“It’s tough to win games against a great team when we start the way we did,” Collins would later add.
Collins also hit a career-high six three-pointers as he put up 30 points on 12-of-19 shooting from the field and 6-of-9 from three but was left with mixed feelings on this new mark.
“I definitely take pride in that,” said Collins of his six threes. “I feel like I should’ve went 9-for-9 tonight, that’s just me, just the way I practice. I just hate missing shots. I’m in the middle. I like it but we didn’t win. It’s bittersweet.”
The talk of the game belonged to Hunter, who set a career-high 33 points on 13-of-21 shooting from the field in 41 minutes.
Not to negate what Hunter did, but 10 of these came in the fourth quarter after the Hawks had returned to a 17 point deficit and Hunter’s points sadly couldn’t bring the Hawks back in contention a third time. Nevertheless, Pierce said the Hawks needed every one of those points.
“He was looking to be aggressive. He was looking to get going for us,” said Pierce of Hunter I don’t think it was anything selfish, he was just trying to get us going. We run a play for him, he makes a nice post-up turnaround (jumper) twice. You see the ball go in, you feel you can get going a little bit. We needed every bit of it.”
For Hunter himself, it was as you would expect him to feel about the night.
“It’s cool to have a career-high but would’ve been better to do it in a victory,” said Hunter postgame.
There was quite a bit to be said for Hunter last night but there’s plenty more when it comes to Hunter coming at Peachtree Hoops so, we’ll hold back on the Hunter talk today.
In the meantime, Hunter is averaging 21 points per game on 53.8% shooting from the field on 13 attempts per game, 35% from three on five attempts from distance and 87.5% from the free throw line on six attempts in his last four games.
Hunter has been the Hawks’ most consistent player this season and, arguably, their best player this season too, and shows no signs of stopping.
More to come on Hunter at Peachtree Hoops, stay tuned.
Just going back to the game itself, what probably isn’t being talked about a ton that arguably influenced this game was the foul that was rescinded on Giannis in the third quarter — which would have been his fifth — and the subsequent benefit of the whistle to then not pick up a fifth foul.
How much that would have changed the outcome of the game, no one knows, but it would have been a big moment in this game regardless. Alas...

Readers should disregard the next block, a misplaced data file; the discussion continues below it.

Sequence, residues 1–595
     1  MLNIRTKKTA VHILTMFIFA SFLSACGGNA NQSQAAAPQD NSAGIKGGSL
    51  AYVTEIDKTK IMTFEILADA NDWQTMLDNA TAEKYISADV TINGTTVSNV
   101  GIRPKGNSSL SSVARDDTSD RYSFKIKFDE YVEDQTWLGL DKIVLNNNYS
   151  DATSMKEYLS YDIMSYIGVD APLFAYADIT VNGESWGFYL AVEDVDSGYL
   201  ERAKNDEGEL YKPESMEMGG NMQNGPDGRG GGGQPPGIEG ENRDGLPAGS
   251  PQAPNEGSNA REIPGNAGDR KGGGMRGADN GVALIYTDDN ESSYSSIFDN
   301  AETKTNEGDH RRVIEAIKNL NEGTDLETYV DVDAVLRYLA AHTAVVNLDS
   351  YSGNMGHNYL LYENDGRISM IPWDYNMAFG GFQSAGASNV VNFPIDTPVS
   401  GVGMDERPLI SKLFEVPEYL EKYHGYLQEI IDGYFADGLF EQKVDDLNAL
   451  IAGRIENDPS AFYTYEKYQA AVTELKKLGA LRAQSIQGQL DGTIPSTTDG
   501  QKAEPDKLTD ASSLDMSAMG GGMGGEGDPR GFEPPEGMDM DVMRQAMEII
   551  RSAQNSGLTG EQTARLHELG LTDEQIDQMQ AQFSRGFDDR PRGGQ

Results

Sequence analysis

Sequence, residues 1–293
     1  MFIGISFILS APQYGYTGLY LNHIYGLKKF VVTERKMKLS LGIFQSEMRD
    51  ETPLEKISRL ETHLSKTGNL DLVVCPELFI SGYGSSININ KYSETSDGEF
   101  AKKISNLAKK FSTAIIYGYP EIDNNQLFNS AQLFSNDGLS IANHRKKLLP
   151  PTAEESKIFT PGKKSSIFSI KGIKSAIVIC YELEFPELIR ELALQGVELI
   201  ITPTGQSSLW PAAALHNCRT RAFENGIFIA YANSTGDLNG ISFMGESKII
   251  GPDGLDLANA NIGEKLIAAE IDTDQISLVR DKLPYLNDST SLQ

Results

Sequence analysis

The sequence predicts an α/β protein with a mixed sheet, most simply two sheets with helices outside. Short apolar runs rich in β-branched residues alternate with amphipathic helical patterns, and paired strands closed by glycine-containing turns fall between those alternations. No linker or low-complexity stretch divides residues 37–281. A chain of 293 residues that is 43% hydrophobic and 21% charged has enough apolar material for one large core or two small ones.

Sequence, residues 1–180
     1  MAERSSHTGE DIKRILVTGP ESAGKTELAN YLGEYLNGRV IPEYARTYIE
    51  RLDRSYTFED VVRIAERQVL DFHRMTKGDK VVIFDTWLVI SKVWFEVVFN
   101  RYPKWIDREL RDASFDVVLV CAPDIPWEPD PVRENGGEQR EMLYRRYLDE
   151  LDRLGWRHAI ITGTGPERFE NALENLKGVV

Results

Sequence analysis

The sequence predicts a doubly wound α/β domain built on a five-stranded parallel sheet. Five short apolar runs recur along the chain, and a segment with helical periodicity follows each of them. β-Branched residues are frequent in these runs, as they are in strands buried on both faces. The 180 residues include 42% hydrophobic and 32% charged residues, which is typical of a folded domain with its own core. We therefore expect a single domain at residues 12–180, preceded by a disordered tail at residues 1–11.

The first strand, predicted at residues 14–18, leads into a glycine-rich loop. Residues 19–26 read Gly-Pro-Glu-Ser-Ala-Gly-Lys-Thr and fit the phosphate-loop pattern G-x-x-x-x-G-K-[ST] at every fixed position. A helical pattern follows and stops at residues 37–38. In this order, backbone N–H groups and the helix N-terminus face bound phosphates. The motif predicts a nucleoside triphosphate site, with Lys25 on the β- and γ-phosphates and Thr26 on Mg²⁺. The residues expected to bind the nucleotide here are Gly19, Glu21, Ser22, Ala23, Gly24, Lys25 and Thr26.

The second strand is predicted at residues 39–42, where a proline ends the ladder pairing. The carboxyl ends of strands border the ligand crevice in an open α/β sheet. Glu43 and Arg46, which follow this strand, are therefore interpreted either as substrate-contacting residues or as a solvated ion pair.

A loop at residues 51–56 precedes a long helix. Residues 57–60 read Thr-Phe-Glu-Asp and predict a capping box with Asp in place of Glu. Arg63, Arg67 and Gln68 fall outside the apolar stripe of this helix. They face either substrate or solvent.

Coming back to Okongwu, in his first NBA start he scored four points in just under 16 minutes but produced three blocks in that time too.
It was a tough matchup, a tough spot for Okongwu to step in but his teammates were understanding of the situation and appreciated his efforts in his limited action on the court.
“He definitely came ready to compete,” said Collins of Okongwu. “Obviously being thrown into the fire like that, your first start against the two-time MVP. I feel like we understood the mountain he had to climb. We were all there trying to help him, push him along as best we could. Shouts to ‘Big O’, he came in, he competed tonight. That’s all we can ask for.”
It was telling that the Hawks leaned on Okongwu here and Bruno Fernando was a DNP-CD in this spot, minus Clint Capela too. Still, the rookie showed some flashes and it was surprising he wasn’t asked about when Lloyd Pierce was speaking in his availability last night.
Steady progress for Okongwu, who continues to play on a minutes restriction.
All in all for the Hawks last night, they provided a better showing than I think many would/could have expected, especially given how the first half — and more specifically, the first quarter — went, and I think the Hawks themselves were satisfied enough with their second half performance, even though they lost the game and will be disappointed with that, the second half performance was encouraging.
The Hawks (8-8) are back in action at State Farm Arena on Tuesday night on the first night of a challenging back-to-back, on the first night of which they face the Los Angeles Clippers before taking on the new-look Brooklyn Nets on Wednesday.
Should be interesting.
Until next time...